This year, the Spring Forecasting Experiment is focusing on the Day 1 time period more than ever before, eschewing the long lead-time forecasts that we have made in previous years in favor of honing in on timing information and allowing participants to delve into the data. Since more data than ever before is available within the drawing tool where participants draw their forecasts, we’re excited to see how participants probe the new data within the various ensemble subsets.
One short-term experimental forecast product being generated on the Innovation Desk this year are Potential Severe Timing (PST) areas, which indicate which 4-hr period severe weather will occur in over the general area of 15% probability of severe. By identifying the timing of the severe event and displaying all of the timing contours on one graphic, the end product is hoped to be valuable for emergency managers and broadcasters for their advance planning. Small groups of participants generate these forecasts around subsets of the CLUE and HREFv2 ensembles, meaning that on any given day we’ll ideally have 5 separate sets of PSTs. After the participants separate into their small groups and issue their forecasts, we ask them to come back together and brief one another on what their particular ensemble subset was doing. This way, each group of participants can delve into the data from their subset more deeply than if the activity were to take place as one large group. This briefing period also allows the participants to be exposed to different lines of reasoning in issuing their forecasts, and has thus far sparked several good discussions.
Here are the PSTs from 3 May 2017, or Thursday of last week:The different ensemble subset groups compose the top row and the left and middle section of the bottom row, while the bottom right hand panel shows the forecast from the expert forecaster facilitator on the Innovation Desk. Several different strategies are evident within the panels, including some groups that chose not to indicate timing areas for all of the 15% area of our full-period outlook (shown below).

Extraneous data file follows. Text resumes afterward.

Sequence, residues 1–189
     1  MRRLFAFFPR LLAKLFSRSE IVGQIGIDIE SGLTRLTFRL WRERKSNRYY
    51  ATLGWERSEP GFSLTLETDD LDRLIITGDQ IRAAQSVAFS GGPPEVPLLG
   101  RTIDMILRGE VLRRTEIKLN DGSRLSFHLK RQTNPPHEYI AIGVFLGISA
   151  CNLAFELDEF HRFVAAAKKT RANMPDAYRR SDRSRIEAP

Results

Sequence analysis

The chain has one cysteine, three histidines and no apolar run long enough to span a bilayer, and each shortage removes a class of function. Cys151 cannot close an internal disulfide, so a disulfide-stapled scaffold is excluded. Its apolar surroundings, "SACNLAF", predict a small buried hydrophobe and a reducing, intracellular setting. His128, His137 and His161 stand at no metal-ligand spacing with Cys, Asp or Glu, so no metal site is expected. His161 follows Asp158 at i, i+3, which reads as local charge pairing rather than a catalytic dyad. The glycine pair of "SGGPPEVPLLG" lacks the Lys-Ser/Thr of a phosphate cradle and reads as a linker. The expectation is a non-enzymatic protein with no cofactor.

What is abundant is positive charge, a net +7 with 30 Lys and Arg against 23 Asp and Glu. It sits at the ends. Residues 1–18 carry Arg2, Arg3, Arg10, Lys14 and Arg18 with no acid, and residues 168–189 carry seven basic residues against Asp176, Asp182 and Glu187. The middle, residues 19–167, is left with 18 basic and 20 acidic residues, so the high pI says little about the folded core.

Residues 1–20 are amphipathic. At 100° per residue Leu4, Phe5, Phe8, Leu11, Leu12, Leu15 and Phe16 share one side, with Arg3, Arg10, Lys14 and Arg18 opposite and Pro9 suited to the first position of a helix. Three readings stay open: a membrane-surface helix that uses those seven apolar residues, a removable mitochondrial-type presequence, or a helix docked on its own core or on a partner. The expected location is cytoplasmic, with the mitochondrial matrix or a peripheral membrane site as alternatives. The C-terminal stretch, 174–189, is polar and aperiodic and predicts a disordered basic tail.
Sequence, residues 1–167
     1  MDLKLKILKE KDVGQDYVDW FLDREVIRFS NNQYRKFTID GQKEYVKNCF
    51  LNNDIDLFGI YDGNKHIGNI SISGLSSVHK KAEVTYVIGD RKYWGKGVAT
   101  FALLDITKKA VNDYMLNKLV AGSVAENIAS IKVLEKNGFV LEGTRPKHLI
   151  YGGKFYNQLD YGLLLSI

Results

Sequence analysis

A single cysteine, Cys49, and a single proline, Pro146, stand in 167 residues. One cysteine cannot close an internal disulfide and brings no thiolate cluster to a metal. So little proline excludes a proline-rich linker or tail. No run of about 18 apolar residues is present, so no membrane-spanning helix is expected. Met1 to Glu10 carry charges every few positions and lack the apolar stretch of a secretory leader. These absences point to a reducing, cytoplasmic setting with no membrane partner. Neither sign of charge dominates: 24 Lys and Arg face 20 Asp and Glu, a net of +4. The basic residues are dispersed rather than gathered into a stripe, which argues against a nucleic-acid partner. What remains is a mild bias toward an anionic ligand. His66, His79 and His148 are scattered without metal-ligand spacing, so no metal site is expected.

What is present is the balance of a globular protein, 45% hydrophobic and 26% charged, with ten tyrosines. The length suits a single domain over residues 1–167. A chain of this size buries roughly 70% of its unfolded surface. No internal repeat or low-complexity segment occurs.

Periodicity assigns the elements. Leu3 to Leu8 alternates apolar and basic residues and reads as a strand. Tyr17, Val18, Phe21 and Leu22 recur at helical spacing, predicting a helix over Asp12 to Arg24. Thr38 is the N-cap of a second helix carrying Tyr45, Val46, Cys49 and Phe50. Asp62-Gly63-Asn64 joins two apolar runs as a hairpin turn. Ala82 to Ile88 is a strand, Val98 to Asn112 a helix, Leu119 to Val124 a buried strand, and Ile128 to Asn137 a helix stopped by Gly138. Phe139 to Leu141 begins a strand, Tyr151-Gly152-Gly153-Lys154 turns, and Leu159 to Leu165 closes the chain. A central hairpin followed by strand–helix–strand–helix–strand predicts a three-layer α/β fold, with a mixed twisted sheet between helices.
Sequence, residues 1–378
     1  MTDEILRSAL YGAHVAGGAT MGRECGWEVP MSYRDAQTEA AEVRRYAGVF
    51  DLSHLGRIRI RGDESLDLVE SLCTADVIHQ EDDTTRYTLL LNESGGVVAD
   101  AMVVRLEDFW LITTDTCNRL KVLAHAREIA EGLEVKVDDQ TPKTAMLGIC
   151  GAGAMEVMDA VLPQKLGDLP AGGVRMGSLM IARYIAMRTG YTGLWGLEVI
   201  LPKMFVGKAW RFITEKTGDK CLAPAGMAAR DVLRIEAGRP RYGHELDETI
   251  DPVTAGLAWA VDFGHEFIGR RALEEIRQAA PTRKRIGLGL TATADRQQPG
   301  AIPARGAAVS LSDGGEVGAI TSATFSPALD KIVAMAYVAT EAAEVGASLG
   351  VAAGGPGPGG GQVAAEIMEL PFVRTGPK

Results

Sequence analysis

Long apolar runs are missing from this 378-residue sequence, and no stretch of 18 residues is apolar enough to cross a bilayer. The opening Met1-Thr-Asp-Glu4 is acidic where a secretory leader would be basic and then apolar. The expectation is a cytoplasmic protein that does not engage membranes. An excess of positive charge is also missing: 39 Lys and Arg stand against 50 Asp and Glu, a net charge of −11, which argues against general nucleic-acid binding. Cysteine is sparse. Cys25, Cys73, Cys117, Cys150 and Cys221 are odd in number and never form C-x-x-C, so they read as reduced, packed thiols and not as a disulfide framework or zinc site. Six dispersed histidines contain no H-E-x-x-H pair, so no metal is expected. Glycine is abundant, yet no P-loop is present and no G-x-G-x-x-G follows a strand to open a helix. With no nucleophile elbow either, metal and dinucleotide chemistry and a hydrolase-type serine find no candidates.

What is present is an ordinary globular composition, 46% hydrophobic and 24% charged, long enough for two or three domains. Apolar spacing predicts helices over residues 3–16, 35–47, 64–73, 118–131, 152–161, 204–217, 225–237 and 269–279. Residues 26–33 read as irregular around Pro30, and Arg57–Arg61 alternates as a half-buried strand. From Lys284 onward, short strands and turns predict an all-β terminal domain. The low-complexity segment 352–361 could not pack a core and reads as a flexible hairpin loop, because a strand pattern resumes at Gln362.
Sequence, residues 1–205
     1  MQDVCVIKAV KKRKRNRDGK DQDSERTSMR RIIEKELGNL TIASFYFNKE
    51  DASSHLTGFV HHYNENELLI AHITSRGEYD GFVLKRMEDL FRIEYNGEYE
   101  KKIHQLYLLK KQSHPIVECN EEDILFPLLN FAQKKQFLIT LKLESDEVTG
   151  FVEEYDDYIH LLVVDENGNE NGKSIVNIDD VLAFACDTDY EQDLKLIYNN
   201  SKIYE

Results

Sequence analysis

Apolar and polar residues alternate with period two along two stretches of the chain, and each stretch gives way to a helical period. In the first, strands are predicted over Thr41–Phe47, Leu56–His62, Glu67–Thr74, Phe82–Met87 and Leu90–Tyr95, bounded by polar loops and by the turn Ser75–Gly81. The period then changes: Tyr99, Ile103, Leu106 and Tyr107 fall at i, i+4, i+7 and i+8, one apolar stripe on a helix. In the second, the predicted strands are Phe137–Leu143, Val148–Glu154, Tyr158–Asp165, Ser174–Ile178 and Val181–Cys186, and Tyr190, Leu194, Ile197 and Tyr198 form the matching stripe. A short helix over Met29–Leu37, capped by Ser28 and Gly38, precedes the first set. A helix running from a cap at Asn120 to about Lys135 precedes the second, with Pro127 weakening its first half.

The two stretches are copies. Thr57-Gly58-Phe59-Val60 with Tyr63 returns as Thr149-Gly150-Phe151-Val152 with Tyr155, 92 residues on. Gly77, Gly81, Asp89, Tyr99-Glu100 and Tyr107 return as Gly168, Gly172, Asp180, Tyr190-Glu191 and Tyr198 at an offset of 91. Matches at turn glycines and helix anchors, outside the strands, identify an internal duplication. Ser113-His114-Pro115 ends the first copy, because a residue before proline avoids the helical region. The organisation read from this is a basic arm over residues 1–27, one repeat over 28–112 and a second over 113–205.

The reasoning from the groups for their different areas gave insight into the model performance as well as the different forecasting strategies employed by the different groups of people. The group using the HREFv2 decided not to use the NMMB member when generating their forecasts, because the depiction of morning convection was so poor. The HRRRE group had very large areas, which they attribute to the large spread within the HRRRE. The NCAR group decided to discount the guidance in the north of the domain, because of erroneous convection in the northern domain. Instead, they felt more confident in the southern areas where the ensemble was producing supercells. Their group thought that the thermodynamics of the northern area was less conducive to supercellular convection. The group using the mixed physics ensemble from CAPS placed their first area based on where they thought convective initiation would occur, indicating that they thought convection would quickly become severe. Their southern PST was very late to cover any severe threat overnight, but they considered that it might be more of a flood threat (which we do not forecast for in the Spring Forecasting Experiment). The stochastic physics group (another ensemble run by CAPS), on the other hand, had an ensemble which showed almost no signal in the southern area of interest. It also showed a later signal than the other ensembles, contributing to the spread in the time of the first PST.
All of these details came out during the discussion of the PSTs, after participants dove into the data from their subensemble. How did the PSTs do? Here’s a snapshot of the PSTs with reports from 18-22 UTC overlaid:Ideally, all of the reports would fall into the 18-22 UTC contours, which mostly occurred for the expert forecaster and did occur for the HRRRE and Mixed Physics group, although both groups had large areas of false alarm. Here’s a similar image, but showing reports from 22-02 UTC:At this point in time, all groups missed the activity in Kansas, although some groups captured most of the reports within a 22-02 UTC window.
The day after the forecasts, participants are able to go through and give ratings based on the reports that have come in, and choose the group’s forecast that they thought performed the best. Who performed the best for this case? 3 votes for HREFv2, 2 votes each for the HRRRE and the CAPS Stochastic Physics ensemble, and one vote each for the CAPS Mixed Physics and the NCAR ensemble group. Clearly, the complexity of this case provided plenty of nuances to evaluate, and I would bet that more complex cases such as this are on the way….after all, we’ve only just begun Week 2 of the 2018 SFE!